26 Jun, 12 | by BMJ Group
Sometimes, it becomes apparent that what we have been talking about for so long is actually beginning to happen.
Over the last few weeks we have been preparing for our Annual Accountability Review with the SHA. We have had our monthly cluster board meeting. We also had a meeting with the acute trust, looking at mortality. Then there was the NHS Confederation conference. Meanwhile the commissioning support services were re-launching a new and improved CCG dashboard to track activity and variation.
Within our board papers was the draft Health and Well Being Strategy which, based on the Joint Strategic Needs Assessment, has been out for consultation. It is aligned with the outcomes framework, is focussed and is all about partnership, collaboration, and integration. It sets up the CCGs with strong foundations for their plans and ambitions and, as they all are members of the Health and Well Being Board, it aligns their purposes. Our Board agenda also focussed on quality, as we did in our meeting with the acute trust. In our meeting with the trust we had a draft report on COPD mortality which looked at the quality of care provided in primary care for those patients who had died in hospital. It showed that compliance with a bundle of 6 QOF indicators ranged between 86-97%, which is to be commended but should not induce complacency—we owe it to patients to strive for excellence. The recent IHI report on care bundles illustrates how difficult, but important, getting high compliance with a care bundle can be. Putting a focus on care bundles rather than individual measures must be a step forward in improving quality, especially with the results from the National Diabetes Audit highlighting the need for such an approach.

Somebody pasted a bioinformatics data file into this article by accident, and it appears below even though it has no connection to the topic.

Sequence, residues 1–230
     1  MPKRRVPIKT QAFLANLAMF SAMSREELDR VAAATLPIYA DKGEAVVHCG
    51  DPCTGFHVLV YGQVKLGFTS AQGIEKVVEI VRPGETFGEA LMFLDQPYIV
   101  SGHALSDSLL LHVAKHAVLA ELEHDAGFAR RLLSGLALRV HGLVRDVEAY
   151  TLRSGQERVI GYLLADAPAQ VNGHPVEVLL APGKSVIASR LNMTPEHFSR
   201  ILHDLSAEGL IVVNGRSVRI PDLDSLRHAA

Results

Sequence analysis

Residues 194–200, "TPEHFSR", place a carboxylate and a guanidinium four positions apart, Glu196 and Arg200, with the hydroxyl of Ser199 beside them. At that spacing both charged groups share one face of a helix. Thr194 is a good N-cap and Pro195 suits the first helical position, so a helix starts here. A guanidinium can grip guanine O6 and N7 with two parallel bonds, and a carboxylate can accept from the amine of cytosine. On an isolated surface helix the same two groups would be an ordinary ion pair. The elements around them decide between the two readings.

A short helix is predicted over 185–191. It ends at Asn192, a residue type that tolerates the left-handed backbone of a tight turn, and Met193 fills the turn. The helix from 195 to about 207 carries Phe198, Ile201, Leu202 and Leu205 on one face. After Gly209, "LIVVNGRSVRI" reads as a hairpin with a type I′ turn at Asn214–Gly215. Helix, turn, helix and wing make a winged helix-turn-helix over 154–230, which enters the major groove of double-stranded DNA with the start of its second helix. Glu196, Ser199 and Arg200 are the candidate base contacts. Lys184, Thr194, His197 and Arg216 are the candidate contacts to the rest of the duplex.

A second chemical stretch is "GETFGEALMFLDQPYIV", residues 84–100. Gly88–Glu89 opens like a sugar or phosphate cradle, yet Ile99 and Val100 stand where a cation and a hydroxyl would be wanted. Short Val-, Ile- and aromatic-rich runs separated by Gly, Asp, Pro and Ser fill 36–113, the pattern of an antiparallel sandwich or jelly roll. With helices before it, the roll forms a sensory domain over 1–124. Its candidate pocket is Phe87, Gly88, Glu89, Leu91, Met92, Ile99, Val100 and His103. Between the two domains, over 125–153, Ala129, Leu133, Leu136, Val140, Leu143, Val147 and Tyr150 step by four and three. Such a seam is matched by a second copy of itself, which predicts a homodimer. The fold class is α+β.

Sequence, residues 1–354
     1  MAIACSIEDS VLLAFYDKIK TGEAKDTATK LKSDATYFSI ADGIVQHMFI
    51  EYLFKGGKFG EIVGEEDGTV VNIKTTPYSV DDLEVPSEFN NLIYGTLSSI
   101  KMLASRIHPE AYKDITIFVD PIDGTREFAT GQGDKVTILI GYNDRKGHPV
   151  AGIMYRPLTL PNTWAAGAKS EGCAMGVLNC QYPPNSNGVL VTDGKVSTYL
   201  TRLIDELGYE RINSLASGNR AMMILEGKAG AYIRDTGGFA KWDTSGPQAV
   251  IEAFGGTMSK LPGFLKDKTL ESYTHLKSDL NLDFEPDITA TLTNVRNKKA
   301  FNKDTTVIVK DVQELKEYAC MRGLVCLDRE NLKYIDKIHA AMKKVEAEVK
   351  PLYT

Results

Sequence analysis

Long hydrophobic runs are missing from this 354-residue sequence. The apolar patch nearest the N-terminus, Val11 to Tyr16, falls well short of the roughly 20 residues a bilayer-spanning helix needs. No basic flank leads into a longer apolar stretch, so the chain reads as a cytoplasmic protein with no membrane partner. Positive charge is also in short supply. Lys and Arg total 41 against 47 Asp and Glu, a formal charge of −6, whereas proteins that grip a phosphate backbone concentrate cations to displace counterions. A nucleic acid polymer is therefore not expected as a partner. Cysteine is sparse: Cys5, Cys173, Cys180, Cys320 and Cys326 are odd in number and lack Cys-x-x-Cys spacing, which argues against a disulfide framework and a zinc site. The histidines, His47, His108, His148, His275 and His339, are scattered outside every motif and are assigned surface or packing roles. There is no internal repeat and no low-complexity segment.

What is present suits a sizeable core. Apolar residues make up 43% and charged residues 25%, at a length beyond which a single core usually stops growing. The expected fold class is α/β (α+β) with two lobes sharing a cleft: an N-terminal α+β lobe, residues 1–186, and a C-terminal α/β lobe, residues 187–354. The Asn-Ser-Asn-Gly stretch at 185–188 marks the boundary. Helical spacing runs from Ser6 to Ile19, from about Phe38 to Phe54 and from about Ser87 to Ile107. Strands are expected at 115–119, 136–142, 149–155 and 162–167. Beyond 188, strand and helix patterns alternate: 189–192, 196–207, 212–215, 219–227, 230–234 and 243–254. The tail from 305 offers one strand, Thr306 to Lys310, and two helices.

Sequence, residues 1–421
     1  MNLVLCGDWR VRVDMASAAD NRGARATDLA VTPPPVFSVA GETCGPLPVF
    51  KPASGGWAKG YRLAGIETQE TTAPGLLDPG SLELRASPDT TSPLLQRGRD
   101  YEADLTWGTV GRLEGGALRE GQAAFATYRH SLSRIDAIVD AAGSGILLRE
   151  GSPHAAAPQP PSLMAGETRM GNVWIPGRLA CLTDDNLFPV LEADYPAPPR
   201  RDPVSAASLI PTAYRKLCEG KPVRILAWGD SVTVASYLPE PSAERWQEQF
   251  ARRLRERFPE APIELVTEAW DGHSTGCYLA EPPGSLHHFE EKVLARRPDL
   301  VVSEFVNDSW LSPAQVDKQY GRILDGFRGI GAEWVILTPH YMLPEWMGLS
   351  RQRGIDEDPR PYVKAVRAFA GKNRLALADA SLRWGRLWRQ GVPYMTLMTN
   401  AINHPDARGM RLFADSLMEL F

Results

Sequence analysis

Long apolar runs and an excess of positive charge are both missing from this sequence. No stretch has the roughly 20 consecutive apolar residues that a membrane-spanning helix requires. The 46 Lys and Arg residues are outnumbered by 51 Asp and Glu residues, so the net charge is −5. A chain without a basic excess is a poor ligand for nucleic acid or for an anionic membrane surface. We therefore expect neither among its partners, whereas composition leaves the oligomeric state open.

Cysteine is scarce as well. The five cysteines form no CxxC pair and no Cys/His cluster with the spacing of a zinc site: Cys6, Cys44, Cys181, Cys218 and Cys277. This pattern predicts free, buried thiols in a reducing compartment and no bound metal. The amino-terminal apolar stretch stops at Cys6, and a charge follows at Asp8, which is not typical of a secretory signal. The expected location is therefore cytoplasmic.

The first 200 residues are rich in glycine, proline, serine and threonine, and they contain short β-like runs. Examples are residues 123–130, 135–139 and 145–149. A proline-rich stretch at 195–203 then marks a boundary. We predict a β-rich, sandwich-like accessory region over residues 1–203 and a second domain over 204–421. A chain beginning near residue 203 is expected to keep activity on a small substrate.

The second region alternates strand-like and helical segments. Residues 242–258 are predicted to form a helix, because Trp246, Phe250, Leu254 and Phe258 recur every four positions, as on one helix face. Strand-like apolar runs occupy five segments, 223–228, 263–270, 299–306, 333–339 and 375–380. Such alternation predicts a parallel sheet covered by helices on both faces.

That can only happen if clinicians are furnished with compelling information. Our dashboard looks at activity such as referrals and admissions, but also variation between practices and CCGs. This has already stimulated peer review, support, and challenge: clinicians talking to clinicians. That dialogue is a powerful force for quality improvement but it needs frequently updated information to nourish it.
Then there was the Confederation conference. I attended a session where I learnt about the work in the Oxford Renal Unit managing the transition through adolescence into adult services for young people with kidney failure. Their story, which included using Facebook and Starbucks to improve experience, outcomes, and cost, is inspiring. I also listened to those at the top talk about the values and ambition for the NHS, as well as the huge challenge ahead. They talked about clinical leadership, a focus on outcomes and patient experience, all of which is tangible in my every day work and is being driven by people who know their patients and communities, as the CCGs demonstrated in our Annual Accountability Review.
It all gives me hope that we are learning to walk the talk.
Martin McShane qualified in 1981 from University College Hospital Medical School. He trained in surgery until 1990 then switched to general practice where he spent over a decade working in a semi-rural practice on the edge of Sheffield. In a fulfilling job, with a great lifestyle, he decided to give it all up and take on a fresh challenge. He entered NHS management, full time, in 2004 as a PCT chief executive after experience in fund holding and chairmanship of both a primary care group and subsequent professional executive committee. Since 2006 he has been director of strategic planning for NHS Lincolnshire, where there are 5,600 miles of road but less than 50 miles of dual carriageway.